‘Chinese Characters’ gives insight into a society in flux

Chinese Characters:
Profiles of Fast-Changing Lives in a Fast-Changing Land

Edited by Angilee Shah and Jeffrey Wasserstrom
Univ. of California Press: 244 pp., $24.95

In a recent poll, more than 26% of the American public named China as the nation that represents the greatest danger to the U.S. — far ahead of any other country. (Iran was second with 16%, followed by North Korea with 13%.)

Yet when the Pew Global Attitudes Project also asked Americans to describe China’s people, U.S. respondents perceived the Chinese positively and said they embody many traits we strongly associate with “Americanness” — such as being hardworking, competitive, patriotic and creative. The Americans even gave the Chinese credit for being significantly less rude, violent, selfish and arrogant than we Yankees.

It’s a schism driven partly by what’s on our bookshelves. For every unnerving title like Martin Jacques’ “When China Rules the World” or Peter Navarro and Greg Autry’s histrionic “Death by China,” there is a more sympathetic, personal tale from the grass roots from writers such as Peter Hessler (“River Town”) and Leslie T. Chang (“Factory Girls”).


“Chinese Characters: Profiles of Fast-Changing Lives in a Fast-Changing Land” is the latest entrant in the latter genre. A collection of essays by 15 authors (including Hessler and Chang) about a range of people — including a guitar teacher, a Taoist mystic, a hard-drinking young Tibetan and a painter who churns out cheap oil colors for Western customers — the book tries to capture some human stories from the ground up.

Some entries are much more compelling than others; fortunately, the chapters stand on their own and there’s no need to read from front to back.

Among the most interesting and accessible are Michelle Damon Loyalka’s lively, gritty depiction of a migrant worker toiling in a recycling scrap yard, and Indian journalist Ananth Krishnan’s intimate tracing of a young Uighur student’s arduous cultural and linguistic journey from his village in the western wilds of Xinjiang to university 2,000 miles away in Beijing. It’s unfortunate that the book doesn’t include photographs of these, or any, of its colorful subjects or their environs.

If some of the chapters feel familiar to ardent readers of China stories, it’s because they’ve been adapted from already published works. Evan Osnos’ contribution on a young graduate student studying Western philosophy who made a nationalist video that went viral, while fascinating, is based on a 2008 New Yorker story. Similarly, Christina Larson’s well-crafted tale of environmental scientist challenging the government’s massive south-to-north water diversion project originated as a 2008 Washington Monthly piece. Chang and Hessler’s chapters date from 2008 and 2009, respectively.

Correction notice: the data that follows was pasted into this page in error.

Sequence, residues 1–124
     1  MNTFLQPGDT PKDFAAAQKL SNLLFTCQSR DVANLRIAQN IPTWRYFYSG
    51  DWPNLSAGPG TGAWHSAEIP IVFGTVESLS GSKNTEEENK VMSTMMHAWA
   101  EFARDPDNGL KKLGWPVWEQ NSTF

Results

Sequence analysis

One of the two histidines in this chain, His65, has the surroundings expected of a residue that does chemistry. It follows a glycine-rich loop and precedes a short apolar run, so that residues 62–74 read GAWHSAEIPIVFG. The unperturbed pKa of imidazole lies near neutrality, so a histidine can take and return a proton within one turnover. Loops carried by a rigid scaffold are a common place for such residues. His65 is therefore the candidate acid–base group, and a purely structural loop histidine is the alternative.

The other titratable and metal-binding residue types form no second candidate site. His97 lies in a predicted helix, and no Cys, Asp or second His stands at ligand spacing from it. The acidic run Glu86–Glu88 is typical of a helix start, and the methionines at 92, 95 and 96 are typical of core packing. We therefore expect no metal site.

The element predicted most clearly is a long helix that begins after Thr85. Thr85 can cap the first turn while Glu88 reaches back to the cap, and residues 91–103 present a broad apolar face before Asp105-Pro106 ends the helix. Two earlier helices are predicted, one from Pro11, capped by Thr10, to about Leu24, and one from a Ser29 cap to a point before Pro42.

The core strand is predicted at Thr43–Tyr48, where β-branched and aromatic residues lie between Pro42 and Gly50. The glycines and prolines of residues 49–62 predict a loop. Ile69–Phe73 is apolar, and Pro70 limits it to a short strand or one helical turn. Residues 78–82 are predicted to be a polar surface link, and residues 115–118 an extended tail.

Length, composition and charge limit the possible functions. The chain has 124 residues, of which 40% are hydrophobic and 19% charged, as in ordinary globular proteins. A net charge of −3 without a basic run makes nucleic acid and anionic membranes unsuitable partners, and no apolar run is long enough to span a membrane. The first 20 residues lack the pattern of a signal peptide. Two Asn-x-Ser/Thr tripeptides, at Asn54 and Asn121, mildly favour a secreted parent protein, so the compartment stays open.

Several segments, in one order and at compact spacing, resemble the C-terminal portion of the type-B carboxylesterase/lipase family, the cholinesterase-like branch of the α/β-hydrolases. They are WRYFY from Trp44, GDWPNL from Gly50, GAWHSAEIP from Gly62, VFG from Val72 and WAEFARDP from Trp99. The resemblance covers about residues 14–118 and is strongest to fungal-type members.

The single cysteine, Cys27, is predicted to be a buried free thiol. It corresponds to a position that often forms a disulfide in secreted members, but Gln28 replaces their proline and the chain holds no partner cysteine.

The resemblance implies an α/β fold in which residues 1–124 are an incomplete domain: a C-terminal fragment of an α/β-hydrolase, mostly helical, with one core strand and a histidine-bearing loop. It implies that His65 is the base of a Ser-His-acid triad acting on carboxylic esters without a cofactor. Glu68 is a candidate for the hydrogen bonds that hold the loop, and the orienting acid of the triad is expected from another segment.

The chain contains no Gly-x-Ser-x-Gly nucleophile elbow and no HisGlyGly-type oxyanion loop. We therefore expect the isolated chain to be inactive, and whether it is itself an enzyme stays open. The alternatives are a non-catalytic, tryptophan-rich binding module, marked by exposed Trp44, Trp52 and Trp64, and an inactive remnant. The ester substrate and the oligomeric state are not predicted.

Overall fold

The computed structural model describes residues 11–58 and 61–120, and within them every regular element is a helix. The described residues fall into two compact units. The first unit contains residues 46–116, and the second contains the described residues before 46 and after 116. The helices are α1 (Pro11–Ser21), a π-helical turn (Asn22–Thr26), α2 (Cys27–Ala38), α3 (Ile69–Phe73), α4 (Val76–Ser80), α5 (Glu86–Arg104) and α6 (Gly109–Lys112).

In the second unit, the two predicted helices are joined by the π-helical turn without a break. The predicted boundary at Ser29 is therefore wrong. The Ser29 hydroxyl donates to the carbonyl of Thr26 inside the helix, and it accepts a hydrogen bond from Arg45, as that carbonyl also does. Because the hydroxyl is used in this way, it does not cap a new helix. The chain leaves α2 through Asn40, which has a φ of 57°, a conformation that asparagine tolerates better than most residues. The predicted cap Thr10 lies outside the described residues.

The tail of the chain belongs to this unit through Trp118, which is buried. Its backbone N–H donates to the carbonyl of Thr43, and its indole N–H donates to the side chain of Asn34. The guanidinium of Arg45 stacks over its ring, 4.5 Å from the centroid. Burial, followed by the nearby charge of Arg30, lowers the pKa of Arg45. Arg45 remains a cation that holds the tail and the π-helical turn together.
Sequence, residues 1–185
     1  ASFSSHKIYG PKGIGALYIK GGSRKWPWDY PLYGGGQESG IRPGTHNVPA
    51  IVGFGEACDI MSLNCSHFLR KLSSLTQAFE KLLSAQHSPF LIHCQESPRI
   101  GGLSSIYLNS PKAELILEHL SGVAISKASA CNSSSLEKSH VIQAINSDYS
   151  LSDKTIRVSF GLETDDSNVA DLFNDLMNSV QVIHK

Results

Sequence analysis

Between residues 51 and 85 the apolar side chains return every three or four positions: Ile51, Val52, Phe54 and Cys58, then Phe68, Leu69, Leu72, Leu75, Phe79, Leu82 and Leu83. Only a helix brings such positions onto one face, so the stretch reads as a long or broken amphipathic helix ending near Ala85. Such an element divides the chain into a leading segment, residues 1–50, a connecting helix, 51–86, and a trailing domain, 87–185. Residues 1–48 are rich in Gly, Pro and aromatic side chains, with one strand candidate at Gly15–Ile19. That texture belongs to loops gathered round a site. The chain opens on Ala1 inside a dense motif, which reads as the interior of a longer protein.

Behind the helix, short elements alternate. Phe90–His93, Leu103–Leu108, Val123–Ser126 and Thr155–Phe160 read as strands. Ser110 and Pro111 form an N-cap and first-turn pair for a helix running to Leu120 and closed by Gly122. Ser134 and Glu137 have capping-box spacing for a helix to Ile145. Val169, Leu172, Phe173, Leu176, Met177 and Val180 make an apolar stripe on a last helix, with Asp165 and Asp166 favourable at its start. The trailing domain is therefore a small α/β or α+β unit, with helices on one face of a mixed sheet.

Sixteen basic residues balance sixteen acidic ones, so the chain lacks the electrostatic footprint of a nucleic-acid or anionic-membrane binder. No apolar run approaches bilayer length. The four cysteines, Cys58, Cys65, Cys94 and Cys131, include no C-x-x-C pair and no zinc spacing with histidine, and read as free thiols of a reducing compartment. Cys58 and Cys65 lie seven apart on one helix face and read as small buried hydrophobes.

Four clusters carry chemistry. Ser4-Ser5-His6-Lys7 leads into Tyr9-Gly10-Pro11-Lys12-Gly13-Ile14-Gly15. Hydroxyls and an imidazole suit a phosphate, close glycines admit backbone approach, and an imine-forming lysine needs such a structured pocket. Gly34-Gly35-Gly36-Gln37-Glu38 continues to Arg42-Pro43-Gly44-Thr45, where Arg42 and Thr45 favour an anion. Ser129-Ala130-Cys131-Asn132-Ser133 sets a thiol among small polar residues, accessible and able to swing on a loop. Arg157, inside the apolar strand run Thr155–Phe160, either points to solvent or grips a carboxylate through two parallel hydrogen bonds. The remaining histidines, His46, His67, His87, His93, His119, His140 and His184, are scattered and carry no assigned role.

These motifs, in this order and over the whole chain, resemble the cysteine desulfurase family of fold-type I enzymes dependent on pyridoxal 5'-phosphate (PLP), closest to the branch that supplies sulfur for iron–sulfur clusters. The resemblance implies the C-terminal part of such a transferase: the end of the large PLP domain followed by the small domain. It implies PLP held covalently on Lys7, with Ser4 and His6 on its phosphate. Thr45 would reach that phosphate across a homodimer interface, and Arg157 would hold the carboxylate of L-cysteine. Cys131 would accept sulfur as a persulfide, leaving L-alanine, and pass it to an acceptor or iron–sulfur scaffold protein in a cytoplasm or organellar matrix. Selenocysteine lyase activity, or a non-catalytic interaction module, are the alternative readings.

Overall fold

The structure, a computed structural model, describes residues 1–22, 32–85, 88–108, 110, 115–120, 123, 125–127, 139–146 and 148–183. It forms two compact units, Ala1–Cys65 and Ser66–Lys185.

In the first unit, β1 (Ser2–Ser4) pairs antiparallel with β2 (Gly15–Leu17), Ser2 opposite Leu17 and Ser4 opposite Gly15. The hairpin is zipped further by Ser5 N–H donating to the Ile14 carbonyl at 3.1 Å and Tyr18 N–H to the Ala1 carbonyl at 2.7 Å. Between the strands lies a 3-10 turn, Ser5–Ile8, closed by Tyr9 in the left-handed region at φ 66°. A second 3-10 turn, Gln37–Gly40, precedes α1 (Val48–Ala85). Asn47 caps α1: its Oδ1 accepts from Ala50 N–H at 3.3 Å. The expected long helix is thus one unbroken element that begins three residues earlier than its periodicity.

An afterword by editor Angilee Shah acknowledges that “by the time this book reaches readers, we know, many things about the people in it will have changed” and provides a few small details about what’s happened to the subjects in the intervening years. As the title of the book itself notes, China and the lives of its people change fast, so 4-year-old material is particularly conspicuous.

The book goes out of its way to include characters whose lives stretch back to the era before Mao and those who endured the Cultural Revolution. These chapters serve as a useful reminder of just how new the “New China” is — the senior citizens we might encounter now in Beijing’s hutongs sprang from an era of child brides, and some of the esteemed professors of today were sent down to the countryside by the Red Guards in the 1960s. But the narrative thread of these chapters often gets watered down as the writers feel compelled to add dry paragraphs of general history that seem lifted from textbooks.

The editors of “Chinese Characters” wisely harbor no illusions that this collection of essays could, or should, even begin to represent China’s 1.3 billion people. After all, among the 15 portraits, none focuses on a government bureaucrat or Communist Party functionary. The female stories told here feel slight compared with those of the men. And the stories are captured almost entirely by Western, not Chinese, eyes.

But the compilers have smartly focused on curating a selection of stories that illustrates how China is a place where, as editor Jeffrey Wasserstrom puts it, “lives can suddenly be turned inside out as opportunities are seized or squandered, and change is by turns liberating and unsettling.”

In reading these stories of how individuals make their way in this topsy-turvy, fast-paced society, enduring hardship, creating new businesses, challenging authority, struggling to maintain their identities and trying to create better lives for their children, it’s impossible not to feel impressed — and connected.

“Chinese Characters” sheds light on the Chinese character. And as the Americans polled in the Pew study suggested, that character is not so very different from our own.